Alright, I like Comic Life 3 because its five bucks and it functions on any mobile device, and they also have a desktop version of it that's a little more pricey and a lot more powerful. So not really necessary for these kinds of things. The user interface on a phone is very clear, but it is more powerful than the free apps that are out there and they're not harvesting your data and trying to microtransaction you to death like a lot of the free ones do, which I guess... There are positives and negatives to drawbacks. You have to make sure that either you're given access to the devices that the classroom has to be able to put them on there or that the students have the financial, families have the financial ability to spend five bucks on an app because to some folks, that's not an insubstantial amount of money to just randomly spend without expecting to, which is why other things like being able to use TikTok and Snapchat and PowerPoint, which everyone has on their phones for free and PowerPoint is generally available in most classrooms.


[00:13:32]


I like the combination of Snapchat and Comic Life though. Snapchat's really great because the students really love to doing this. You can create stickers of yourself. So you take the picture and then you can legit cut yourself out of that picture and then paste your new thing onto other images. So you can create multi-layer composites just on your phone and then download it into your photos. And then Comic Life has access to your photos and you can pull those into panels and that's fantastic. And anytime kids are allowed to use their preferred social media for learning, they go, "Yeah, we want to do that again." We didn't think to do Snapchat. That was the student's ideas and we said, "sure, if that's a thing you want to do, go for it." And it ended up being fantastic.


Dani

Wow, that's really interesting. Like I said, I am not super familiar with Snapchat, so I would never have come up with that. I think it's awesome when the kids see the affordances of the tool that maybe you're not aware [of] and then they take over the classroom a little bit with [it] and own the projects themselves. That's great.


So this kind of work, what are the benefits and then maybe what are some of the challenges that you've experienced? I think let's start with benefits. I think there are clearly some, but spelling it out for our audience is never a bad idea. And then let's talk about some of the maybe challenging realities of doing this kind of work.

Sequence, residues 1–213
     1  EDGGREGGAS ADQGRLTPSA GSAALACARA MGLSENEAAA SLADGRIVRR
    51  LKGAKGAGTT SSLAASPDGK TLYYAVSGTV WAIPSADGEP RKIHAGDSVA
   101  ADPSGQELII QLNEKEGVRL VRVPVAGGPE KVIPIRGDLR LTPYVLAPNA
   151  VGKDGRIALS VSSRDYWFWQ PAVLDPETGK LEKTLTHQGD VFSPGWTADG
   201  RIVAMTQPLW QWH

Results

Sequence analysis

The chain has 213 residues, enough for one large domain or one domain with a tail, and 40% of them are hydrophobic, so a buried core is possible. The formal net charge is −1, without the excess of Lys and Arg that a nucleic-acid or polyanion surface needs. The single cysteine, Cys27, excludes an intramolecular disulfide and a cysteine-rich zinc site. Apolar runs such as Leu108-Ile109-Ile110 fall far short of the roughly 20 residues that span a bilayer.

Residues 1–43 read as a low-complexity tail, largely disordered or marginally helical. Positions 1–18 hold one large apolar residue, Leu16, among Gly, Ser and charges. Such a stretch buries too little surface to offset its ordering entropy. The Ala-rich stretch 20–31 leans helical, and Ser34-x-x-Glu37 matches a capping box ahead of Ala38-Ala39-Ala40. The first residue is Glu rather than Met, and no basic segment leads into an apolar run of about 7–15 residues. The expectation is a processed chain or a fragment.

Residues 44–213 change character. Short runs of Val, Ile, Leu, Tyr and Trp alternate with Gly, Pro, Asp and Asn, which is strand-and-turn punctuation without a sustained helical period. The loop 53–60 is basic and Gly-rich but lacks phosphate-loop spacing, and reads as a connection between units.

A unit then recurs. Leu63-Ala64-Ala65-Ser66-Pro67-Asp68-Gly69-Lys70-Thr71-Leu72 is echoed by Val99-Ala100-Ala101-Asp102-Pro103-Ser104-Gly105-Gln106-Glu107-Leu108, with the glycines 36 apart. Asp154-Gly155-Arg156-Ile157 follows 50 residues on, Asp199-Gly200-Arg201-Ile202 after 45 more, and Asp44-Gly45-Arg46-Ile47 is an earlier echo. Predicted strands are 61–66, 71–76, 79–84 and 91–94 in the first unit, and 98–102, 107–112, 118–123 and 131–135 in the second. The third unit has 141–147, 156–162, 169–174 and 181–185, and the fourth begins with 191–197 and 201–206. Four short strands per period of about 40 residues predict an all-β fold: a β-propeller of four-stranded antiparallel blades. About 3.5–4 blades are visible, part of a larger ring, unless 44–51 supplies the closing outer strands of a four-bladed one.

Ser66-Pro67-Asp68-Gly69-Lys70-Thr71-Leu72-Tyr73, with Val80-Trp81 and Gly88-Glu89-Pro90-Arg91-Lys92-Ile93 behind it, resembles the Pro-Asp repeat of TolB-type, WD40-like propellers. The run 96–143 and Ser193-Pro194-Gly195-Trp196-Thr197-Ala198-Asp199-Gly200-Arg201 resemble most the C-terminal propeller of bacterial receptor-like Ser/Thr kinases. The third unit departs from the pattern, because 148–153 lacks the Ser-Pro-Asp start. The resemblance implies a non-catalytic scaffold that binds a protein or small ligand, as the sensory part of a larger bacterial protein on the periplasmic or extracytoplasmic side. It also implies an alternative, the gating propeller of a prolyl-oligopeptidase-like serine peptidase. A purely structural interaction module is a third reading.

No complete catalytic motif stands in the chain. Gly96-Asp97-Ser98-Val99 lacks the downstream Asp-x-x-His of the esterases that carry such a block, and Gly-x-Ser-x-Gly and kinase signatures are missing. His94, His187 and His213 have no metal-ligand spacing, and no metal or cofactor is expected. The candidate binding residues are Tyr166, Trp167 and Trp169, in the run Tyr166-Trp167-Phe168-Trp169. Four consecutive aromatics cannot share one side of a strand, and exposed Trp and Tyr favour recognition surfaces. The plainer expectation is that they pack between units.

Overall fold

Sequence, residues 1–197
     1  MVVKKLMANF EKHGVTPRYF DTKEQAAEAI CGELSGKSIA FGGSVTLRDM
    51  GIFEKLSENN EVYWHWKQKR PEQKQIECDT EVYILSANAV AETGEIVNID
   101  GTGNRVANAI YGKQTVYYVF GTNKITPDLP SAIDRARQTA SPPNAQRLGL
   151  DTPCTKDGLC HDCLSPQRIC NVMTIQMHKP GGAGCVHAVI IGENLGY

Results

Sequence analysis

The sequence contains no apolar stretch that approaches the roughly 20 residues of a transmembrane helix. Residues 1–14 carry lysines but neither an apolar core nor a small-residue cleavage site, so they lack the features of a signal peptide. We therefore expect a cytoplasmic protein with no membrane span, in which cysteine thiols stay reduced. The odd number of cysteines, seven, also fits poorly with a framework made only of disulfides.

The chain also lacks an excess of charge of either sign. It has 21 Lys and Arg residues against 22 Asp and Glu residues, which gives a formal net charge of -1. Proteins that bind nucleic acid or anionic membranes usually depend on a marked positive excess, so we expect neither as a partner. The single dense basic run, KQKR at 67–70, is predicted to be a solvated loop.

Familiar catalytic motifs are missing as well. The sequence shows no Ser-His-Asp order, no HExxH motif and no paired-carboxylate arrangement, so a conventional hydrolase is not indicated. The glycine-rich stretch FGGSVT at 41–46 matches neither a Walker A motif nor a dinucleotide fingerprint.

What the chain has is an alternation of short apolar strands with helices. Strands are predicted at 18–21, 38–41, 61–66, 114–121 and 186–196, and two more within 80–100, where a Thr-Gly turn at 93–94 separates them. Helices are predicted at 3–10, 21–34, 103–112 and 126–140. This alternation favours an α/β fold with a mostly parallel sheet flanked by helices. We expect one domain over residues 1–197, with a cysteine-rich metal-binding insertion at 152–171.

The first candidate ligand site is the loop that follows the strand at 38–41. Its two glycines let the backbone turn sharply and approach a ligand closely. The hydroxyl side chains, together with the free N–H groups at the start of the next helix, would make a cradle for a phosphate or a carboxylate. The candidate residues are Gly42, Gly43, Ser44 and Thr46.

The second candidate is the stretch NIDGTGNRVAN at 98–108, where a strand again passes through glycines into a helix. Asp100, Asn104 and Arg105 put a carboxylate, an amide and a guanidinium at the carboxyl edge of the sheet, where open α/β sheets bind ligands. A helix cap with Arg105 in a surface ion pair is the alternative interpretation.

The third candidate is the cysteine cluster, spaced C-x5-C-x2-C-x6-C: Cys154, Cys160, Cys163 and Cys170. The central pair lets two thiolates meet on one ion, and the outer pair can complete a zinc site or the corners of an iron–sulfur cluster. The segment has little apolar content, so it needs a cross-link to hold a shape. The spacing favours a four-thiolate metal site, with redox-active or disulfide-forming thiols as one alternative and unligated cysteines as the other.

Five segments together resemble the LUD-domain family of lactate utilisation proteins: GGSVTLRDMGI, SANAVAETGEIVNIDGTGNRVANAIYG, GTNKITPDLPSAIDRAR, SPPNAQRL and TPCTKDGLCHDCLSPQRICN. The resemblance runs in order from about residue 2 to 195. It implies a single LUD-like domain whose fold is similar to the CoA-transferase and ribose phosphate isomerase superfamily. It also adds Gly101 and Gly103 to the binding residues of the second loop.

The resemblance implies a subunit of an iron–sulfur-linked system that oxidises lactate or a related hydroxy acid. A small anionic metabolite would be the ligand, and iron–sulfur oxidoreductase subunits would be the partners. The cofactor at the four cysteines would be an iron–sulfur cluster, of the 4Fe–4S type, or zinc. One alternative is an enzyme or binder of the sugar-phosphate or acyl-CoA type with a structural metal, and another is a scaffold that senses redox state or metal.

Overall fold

[00:15:16]


So honestly, the biggest benefit is not--people assume the biggest benefit would be that students are engaged and excited about it, but frankly, I don't view that necessarily as a benefit in and of itself because there are lots of ways to get students engaged in learning. But the increase in accessibility and multiple affordances of meaning making are the biggest benefits, especially for students who are emerging bi- and multi-linguals. That is massive.


Because kids are smart. But, if you're not super familiar with academic English or you're not super familiar with the American structure of writing essays, because it is very different across the world what an appropriate academic essay is. I thought it was funny. The French students and French teachers would look down in a very snooty way on the American system of academic writing in high schools, which for good reason, but it was just always very funny to me that just even structurally things are very different.


So being able to bring in social English, being able to bring in embodied learning and acting out and facial expressions into meaning making, being able to bring in sequence of images or color schemes, things like that, end up giving students multiple additional tools and avenues to get their ideas and understandings across that you wouldn't have available in just a traditional essay or a terrible multiple choice quiz.


Something that we found that was kind of surprising in a really good way was the students who were amazingly good at writing the robotic American essay, they said that it was harder, in a good way, to make the comics because they couldn't just zombie their way through. Like, "Okay, we're checking off the boxes that we know that the teacher wants and we don't even have to think." They said that it required them to really put a little bit more effort in because they had to adapt to a new structure of getting their ideas across. Yes.